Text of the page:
“Our soul has been rescued like a bird from the fowler’s snare.”

 So, for many, an eternal life of happiness and a reunion with loved ones is indeed a consolation.  

And I conclude today with prayers from our dear Pope Francis  . . .

Child of Bethlehem, touch the hearts of all those engaged in human trafficking, that they may realize the gravity of this crime against humanity.  Look upon the many children who are kidnapped, wounded and killed in armed conflicts, and all those who are robbed of their childhood and forced to become child soldiers.

As we fix our gaze on the Holy Family of Nazareth as they were forced to become refugees, let us think of the tragedy of those migrants and refugees who are victims of rejection and exploitation of human trafficking and slave labor.    

Lord Jesus, as a little child you were a refugee yourself,

and a political one at that.

Thousands of innocent children were murdered.  

Millions of children die in our world because of other despots.

Because of cruelty and brutality and bullying goes on and on.

Lord, I have no idea what the future holds for children in our own country.

Please watch over them all and keep them safe.

And please watch over all children who are refugees,

or in war-torn countries or who are migrants on the road

searching for a better home. 

We ask this through Jesus Christ our Lord. Amen.

Now before you go, here’s a Christmas carol for you that reflects on the strife of the world.  Click here.

And here are today’s Mass readings, if you’d like to reflect on them. Click here.

With love, 

Bob Traupman

contemplative writer

 

 

The Feast of St. John the Apostle and evangelist ~ the luminous lover

The Feast of St. John, Apostle and Evangelist ~

Wednesday, December 27, 2017 ( and Day 2 of Kwanzaa)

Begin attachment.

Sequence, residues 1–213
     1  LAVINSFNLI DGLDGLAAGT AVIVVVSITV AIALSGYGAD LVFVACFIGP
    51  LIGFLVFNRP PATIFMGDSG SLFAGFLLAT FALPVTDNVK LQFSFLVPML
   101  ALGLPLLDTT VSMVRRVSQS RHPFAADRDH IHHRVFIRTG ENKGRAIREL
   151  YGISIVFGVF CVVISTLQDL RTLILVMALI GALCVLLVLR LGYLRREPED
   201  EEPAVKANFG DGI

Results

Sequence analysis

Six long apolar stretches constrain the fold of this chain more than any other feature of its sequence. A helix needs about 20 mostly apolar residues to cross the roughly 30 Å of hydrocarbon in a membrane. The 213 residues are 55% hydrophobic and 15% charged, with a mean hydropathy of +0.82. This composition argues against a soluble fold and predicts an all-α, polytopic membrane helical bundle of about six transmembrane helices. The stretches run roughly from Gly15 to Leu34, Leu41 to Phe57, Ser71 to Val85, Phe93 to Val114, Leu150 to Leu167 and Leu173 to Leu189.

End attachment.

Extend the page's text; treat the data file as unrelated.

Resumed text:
The symbol for St. John among the four Evangelists is the eagle because he soared high above the others into the mystical heights of contemplation in his writings, especially his majestic final discourses—meditations on the mysterious communion of the Father and the Son (chapters 13-17). He shares a familiarity with  Jesus as a privileged witness to the Lord’s Transfiguration, the agony in Gethsemane and he reclined with his head upon Jesus breast at the Last Supper. And his epistles are simple, luminous lessons on God’s love.

 St. John is said to have traveled to Asia Minor, where he died at Ephesus around 100 CE. Jesus commended his Mother into John’s care at the foot of the Cross, and it is said that he brought her to Ephesus with him.

He is the Evangelist of the Incarnation. He proclaims  the glory of the Word coming forth from God to take on human flesh and dwell in our midst. Here’s an excerpt from the prologue from his Gospel . . .

In the beginning was the Word,

and the Word was with God,

and the Word was God.

He was in the beginning with God.

 

All things came to be through him,

and without him nothing came to be.

What came to be through him was life,

and this life was the light of the human race

the light shines in the darkness,

and the darkness has not overcome it.

 

And the Word became flesh

and made his dwelling among us,

and we saw his glory,

the glory as of the Father’s only Son,

full of grace and truth.

 

Now I’d like to share with you a famous Christmas Day homily by St. John Chrysostom (c. 386  – 407). His name means “Golden mouth” because he was known as an eloquent preacher. He was Archbishop of Constantinople and an important early Church Father. He is known for his preaching and public speaking and his denunciation of abuses both ecclesiastical and political leaders, and the Divine Liturgy of St. John Chrysostom.

Here’s the excerpt as it’s very much in keeping with today’s feast . . .

Behold a new and wondrous mystery.

My ears resound to the Shepherd’s song, piping no soft melody, but chanting full forth a heavenly hymn. The Angels sing. The Archangels blend their voice in harmony.  . . . . He Who is above, now for our redemption dwells here below; and he that was lowly is by divine mercy raised. [We are raised.]

What shall I say! And how shall I describe this Birth to you? For this wonder fills me with astonishment.

The Ancient of days has become an infant. He Who sits upon the sublime and heavenly Throne, now lies in a manger. And He Who cannot be touched, Who is simple, without complexity, and incorporeal, now lies subject to the hands of men. He Who has broken the bonds of sinners, is now bound by an infant’s bands. But He has decreed that ignominy shall become honor, infamy be clothed with glory, and total humiliation the measure of His Goodness.